Part of a large art collection that once belonged to the Nazi leader Adolf Hitler is dispersed in several Czech museums – often without their curators being aware of it. That’s what researcher Jiří Kuchař discovered after three years of investigation. Following last week’s TV report on the case, a gallery in south Bohemia even removed three statues from public display, citing security reasons.
Nearly 180,000 people took advantage of what is called a “museum night” in Prague on Saturday, when 28 institutions in the Czech capital opened their doors from 7 p.m. until 1 a.m. Admission was either free or for a token price. The “museum night” tradition was begun by the National Museum in 2004. Prague is far from the only place to have take part: over five evenings 168 institutions were opened to the public in 113 cities and towns.
An interactive exhibition which is to open at the Jewish Museum in Prague on Thursday promises visitors a chance to revive a centuries’ old legend. A sculpture by the famous Czech artist Petr Nikl invites people to try to figure out the right symbol or word which would breathe life into the famous Prague Golem – a legendary giant allegedly created by the 16th century rabbi Loew.
The U.S. broadcaster Radio Free Europe/ Radio Liberty on Monday formally handed over the keys of its former headquarters at the top end of Wenceslas Square to the building’s new tenant, the National Museum. The museum, located just across the street and in desperate need of new premises, has big plans for the imposing glass and chrome building. It will house over 3,000 square meters of exhibition rooms, a museum restaurant and shop, and a conference and multimedia room for an audience of nearly 500. The museum is planning to throw its doors open to the public on the 20th anniversary of the Velvet Revolution in November. Radio Free Europe has moved to new headquarters on the suburbs of the city for security reasons.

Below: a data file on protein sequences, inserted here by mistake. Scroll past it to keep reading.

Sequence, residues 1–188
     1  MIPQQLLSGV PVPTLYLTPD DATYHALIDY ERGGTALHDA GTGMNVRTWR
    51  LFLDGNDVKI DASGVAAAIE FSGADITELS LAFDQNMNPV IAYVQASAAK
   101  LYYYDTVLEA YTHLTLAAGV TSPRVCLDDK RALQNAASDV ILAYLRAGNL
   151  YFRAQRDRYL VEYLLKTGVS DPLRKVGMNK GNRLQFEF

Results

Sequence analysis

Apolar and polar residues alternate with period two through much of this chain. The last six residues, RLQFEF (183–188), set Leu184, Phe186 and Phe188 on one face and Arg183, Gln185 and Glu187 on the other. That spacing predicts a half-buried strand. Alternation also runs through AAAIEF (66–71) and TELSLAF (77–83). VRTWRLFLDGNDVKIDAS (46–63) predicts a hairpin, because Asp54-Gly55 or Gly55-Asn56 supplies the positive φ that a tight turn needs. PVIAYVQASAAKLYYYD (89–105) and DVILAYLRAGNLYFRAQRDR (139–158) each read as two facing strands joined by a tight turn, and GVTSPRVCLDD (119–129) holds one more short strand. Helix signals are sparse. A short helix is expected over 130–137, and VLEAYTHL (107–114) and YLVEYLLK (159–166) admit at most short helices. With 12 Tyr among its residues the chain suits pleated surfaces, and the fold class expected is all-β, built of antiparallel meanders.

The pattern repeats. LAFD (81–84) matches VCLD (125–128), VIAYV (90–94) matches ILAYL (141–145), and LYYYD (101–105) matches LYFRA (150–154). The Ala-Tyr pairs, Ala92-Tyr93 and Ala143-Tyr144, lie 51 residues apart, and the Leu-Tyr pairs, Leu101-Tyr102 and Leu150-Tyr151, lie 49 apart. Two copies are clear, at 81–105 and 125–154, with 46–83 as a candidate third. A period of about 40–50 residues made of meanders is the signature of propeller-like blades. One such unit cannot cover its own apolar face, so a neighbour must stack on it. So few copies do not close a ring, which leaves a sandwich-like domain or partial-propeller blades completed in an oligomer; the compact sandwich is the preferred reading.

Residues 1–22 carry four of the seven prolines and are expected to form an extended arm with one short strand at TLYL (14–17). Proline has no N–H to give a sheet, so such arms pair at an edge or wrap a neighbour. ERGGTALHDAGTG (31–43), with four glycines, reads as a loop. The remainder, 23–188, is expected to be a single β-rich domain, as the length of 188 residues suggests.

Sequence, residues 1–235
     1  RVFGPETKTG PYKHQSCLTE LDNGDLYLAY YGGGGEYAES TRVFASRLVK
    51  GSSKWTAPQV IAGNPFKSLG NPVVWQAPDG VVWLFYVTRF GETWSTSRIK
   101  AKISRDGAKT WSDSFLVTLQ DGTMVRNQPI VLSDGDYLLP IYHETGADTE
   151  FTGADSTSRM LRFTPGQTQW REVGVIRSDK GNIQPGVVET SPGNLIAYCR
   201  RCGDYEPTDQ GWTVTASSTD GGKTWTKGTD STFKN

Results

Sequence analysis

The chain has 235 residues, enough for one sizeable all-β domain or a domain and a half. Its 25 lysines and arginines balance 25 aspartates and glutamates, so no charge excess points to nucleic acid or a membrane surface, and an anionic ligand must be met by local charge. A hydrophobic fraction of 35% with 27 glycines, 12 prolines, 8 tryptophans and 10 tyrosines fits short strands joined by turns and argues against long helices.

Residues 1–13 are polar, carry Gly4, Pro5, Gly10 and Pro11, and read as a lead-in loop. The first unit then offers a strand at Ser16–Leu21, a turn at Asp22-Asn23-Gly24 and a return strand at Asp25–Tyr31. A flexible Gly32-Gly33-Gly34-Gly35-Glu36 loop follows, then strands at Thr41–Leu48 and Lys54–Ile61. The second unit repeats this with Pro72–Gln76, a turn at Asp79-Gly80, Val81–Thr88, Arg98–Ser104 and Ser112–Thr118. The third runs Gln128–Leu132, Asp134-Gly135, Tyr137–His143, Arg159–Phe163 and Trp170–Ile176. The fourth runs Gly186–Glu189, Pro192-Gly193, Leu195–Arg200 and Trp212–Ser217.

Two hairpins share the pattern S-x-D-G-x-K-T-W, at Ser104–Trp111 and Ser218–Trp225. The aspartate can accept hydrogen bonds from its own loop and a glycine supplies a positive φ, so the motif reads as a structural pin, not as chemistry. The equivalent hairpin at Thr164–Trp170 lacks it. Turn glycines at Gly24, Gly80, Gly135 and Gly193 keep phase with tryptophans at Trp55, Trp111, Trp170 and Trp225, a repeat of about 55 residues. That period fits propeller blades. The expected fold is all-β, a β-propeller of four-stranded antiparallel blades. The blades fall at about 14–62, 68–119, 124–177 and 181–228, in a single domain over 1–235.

A small piece of history was made on Monday morning as the U.S. broadcaster Radio Free Europe formally handed over the keys to their former headquarters to a new tenant: the National Museum. The iconic steel and glass building a few metres from the top of Wenceslas Square has gone through several incarnations over the decades, but the latest will see its doors finally thrown open to the public.
Saturday’s ‘Museum Night’ in the Czech Republic’s second city, Brno, was a record success, according to organizers. Some 16 institutions took part in the event, opening up more than 30 buildings on Saturday night and into Sunday morning. Staff registered more than 151,000 visitors, a figure up by more than 23,000 on last year. The most visited institutions were the Moravian Gallery and Brno Municipal Museum, according to Lenka Němcová, a spokesperson for the event. Several special events were put on as part of the evening, Špílberk Castle in the centre of the city played host to a firework display and special performances. The Museum of Romany Culture also put on a special concert of Romany music. Museum Night was held in the run up to International Museum Day, which falls on May 18.
US President Barack Obama told thousands of cheering fans on Sunday that he was proud to be the man who had brought Michelle Obama to Prague. While her husband spent the day in talks with EU leaders, Mrs Obama went on a tour of one of the city’s most famous historic monuments – the old Jewish ghetto. Her guide was Michaela Sidenberg, of the Jewish Museum in Prague, who says the First Lady had a special petition to make.
Contemporary Czech art made international headlines after the Czech presidency of the European Union unveiled the famous Entropa artefact by David Černý in Brussels in January. But contemporary art is doing well in the Czech Republic, too: two years ago, Meet Factory opened in Prague with studios for young artists; last year, the privately-owned DOX gallery opened in the capital. And another such venue of contemporary Czech art is the Vernon Fine Art gallery in Holešovice.
Under communism, hundreds of people died trying to escape across Czechoslovakia’s borders into the West. However, the traffic was not all one way, as in the years following the Communist takeover of 1948, Western states sent Czechoslovak agents into the country to work secretly with the small anti-communist resistance. They are the subject of a new exhibition in Prague.
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